Parke said the ingredients for the food truck’s menu include hand-ground beef with a little fat from the brisket they use for brisket tacos, organic, boneless thighs for the chicken that gets marinated, smoked and grilled.

He believes the food tops other trucks and fast-food opportunities in the local market.

“I would say it’s a couple of steps above what you can get in terms of food quality,” he said.

Being able to park it in a spot like the Phillips 66 station adds to the experience.

  • Gas pumps with colors that represented Phillips 66 from 1930-1959 are at the restored gas station.
    Gas pumps with colors that represented Phillips 66 from 1930-1959 are at the restored gas station. (Dale Killingbeck, Cowboy State Daily)
  • An original Phillips 66 sign welcoming customers to the service department that was collected by Joseph Parke hangs in the restored station.
    An original Phillips 66 sign welcoming customers to the service department that was collected by Joseph Parke hangs in the restored station. (Dale Killingbeck, Cowboy State Daily)
  • A vintage Texaco Motor Oil sign.
    A vintage Texaco Motor Oil sign. (Dale Killingbeck, Cowboy State Daily)
  • An vintage SOCONY sign collected by Joseph Parke hangs in the bay of the station.
    An vintage SOCONY sign collected by Joseph Parke hangs in the bay of the station. (Dale Killingbeck, Cowboy State Daily)
  • Original Pennzoil and Coke signs from days gone by collected by Joseph Parke.
    Original Pennzoil and Coke signs from days gone by collected by Joseph Parke. (Dale Killingbeck, Cowboy State Daily)
  • Joseph Parke restored the office area floor of the station with tile that matches the Phillips 66 colors.
    Joseph Parke restored the office area floor of the station with tile that matches the Phillips 66 colors. (Dale Killingbeck, Cowboy State Daily)

Vision For Future

Parke hopes one day the food truck business may evolve into a restaurant inside the iconic Phillips 66 station. Parke already can see where he would build the kitchen, set up the tables and install retail space for salsa sales and other items.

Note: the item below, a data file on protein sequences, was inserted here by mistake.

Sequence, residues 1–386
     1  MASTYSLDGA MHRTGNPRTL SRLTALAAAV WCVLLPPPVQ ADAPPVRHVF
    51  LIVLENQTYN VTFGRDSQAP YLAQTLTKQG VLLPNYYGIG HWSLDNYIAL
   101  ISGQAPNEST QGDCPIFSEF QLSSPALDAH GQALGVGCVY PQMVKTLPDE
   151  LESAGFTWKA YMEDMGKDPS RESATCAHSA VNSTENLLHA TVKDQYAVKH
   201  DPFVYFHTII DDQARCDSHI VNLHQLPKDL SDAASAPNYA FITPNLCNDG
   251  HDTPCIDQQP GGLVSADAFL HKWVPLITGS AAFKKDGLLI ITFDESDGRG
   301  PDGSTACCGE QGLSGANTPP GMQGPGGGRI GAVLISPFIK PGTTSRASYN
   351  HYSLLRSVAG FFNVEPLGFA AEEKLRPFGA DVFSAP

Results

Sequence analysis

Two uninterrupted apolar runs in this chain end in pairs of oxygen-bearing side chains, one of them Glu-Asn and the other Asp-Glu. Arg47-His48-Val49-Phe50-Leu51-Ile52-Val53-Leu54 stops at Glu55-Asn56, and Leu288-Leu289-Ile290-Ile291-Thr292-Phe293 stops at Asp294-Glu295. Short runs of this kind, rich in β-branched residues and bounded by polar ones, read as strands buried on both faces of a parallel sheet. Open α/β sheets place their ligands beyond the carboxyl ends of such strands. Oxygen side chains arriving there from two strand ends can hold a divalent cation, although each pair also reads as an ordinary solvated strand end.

“It’s a big commitment going brick and mortar. If you can’t find the talent, you can’t make it,” he said. Currently, the food truck does a lot of catering and in addition to the Phillips 66 spot, parks downtown on weekends.

Parke’s love of old buildings also includes other sites around town. He bought the Partytime Liquors and the Boardroom Cleaners building that was next to the hospital. He had to tear the Boardroom building down that traced back to 1900, but its sign remains.

The Phillips 66 location sits on one of the busiest corridors in Casper. Parke aware that national food franchises or other brands would be interested in the site.

“A national would come in and buy this place and level it,” he said. “They don’t care about this building, they care about the location.”

Parke said he intends to keep investing in preserving the past that can be functional in the present.

“When I was a kid, this (CY Avenue) was called the strip. In these parking lots everyone would park, the Corvette club, the Camaros, the bikers, the trucks — everybody cruised the strip,” he said. “That has totally gone away from here. But to keep and maintain an iconic building is important.”

Dale Killingbeck can be reached at dale@cowboystatedaily.com.

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Dale Killingbeck